Sailing two-up: “You’ll never sail alone!” »

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A few years ago now, it all started in the supermarket. Each with his or her own trolley, you tore the long list of provisions prepared weeks ago as a foretaste of the big departure in two. Then you chose your route, tacking up and down the aisles, until your legs start to ache, then your back, through loading/unloading, before everything was correctly stowed aboard. Fortunately, since then, internet shopping and drive-in delivery have been invented. With the ending of this chore, which had its charm, but which we can easily do without, two-up sailing really begins aboard the boat, and it's a good thing.

Whilst you are itching to cast off the mooring lines, it is without any doubt a good idea, (even more so than when fully-crewed), to carry out a short safety briefing. From the location of important safety gear to the equipment to be worn according to the circumstances and agreeing on the procedures in case of a man overboard, a mutual reminder of the elementary safety principles is essential. Whilst on this subject, even more so than usual, a lifejacket should be worn in all circumstances. In bad weather, of course, but also at night, once you find yourself alone, or leave the protective cocoon of the cockpit. Equipped with a personal beacon or an alarm bracelet in case of a fall overboard. This equipment is really affordable and prevention remains the best way of ensuring that nothing happens to us! Especially if, like your humble servant, you are not a fan of harnesses and jackstays. It’s true that the stability of our modern multihulls offers appreciable comfort and safety when maneuvering. Nevertheless, in the case of very heavy weather, or when working on the boom from the bimini, at the bows or on the bowsprit, there is no alternative, you must be clipped on. Because two-up, recovering your partner who has fallen in the water in bad weather or at night requires a miracle.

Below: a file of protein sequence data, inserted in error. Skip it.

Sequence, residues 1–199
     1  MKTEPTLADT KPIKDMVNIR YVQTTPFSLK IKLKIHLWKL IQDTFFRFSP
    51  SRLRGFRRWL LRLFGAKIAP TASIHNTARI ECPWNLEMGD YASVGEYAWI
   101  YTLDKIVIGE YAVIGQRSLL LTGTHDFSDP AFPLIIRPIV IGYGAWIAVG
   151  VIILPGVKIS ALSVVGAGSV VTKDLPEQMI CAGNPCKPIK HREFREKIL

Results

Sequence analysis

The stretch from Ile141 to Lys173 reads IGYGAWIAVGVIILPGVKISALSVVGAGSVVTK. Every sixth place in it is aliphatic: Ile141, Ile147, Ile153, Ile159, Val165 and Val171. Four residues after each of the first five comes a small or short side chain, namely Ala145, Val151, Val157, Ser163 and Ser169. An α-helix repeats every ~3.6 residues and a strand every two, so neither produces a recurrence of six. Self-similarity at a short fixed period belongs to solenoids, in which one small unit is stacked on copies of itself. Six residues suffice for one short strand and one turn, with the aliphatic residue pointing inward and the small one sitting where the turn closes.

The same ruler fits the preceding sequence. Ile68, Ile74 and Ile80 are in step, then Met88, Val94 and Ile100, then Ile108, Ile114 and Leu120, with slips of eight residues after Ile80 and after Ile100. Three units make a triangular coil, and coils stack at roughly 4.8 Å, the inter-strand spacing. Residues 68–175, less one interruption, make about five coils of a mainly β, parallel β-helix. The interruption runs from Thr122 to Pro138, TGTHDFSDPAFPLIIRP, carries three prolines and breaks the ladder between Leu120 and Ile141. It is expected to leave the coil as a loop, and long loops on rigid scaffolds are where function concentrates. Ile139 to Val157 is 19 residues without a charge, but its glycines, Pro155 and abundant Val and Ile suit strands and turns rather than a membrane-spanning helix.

Sailing two-up

Safety rule n°1: always be attached, especially when the conditions become difficult, or you have to perform acrobatics aboard…

When two-up, depending on the weather conditions, the configuration of the berth, and your boat’s maneuverability and size, leaving the harbor may require a little organization. Shorthanded, it is even more important to anticipate well and share the sequence of maneuvers to be carried out. Who does what, when and with what aim for the boat. And to plan a few alternative scenarios if things don’t go as planned! When entering a new harbor or in an unknown anchorage, preparation and communication are even more important. If one of the two co-skippers is not comfortable carrying out these maneuvers, it’s not a reason to systematically leave them to carry out all the preparation chores: furling the sails, preparing fenders, mooring lines... The assistance of the autopilot, or a short changeover at the helm before approaching the destination more closely, form part of the ‘savoir vivre’ essential when two-up to establishing a ...

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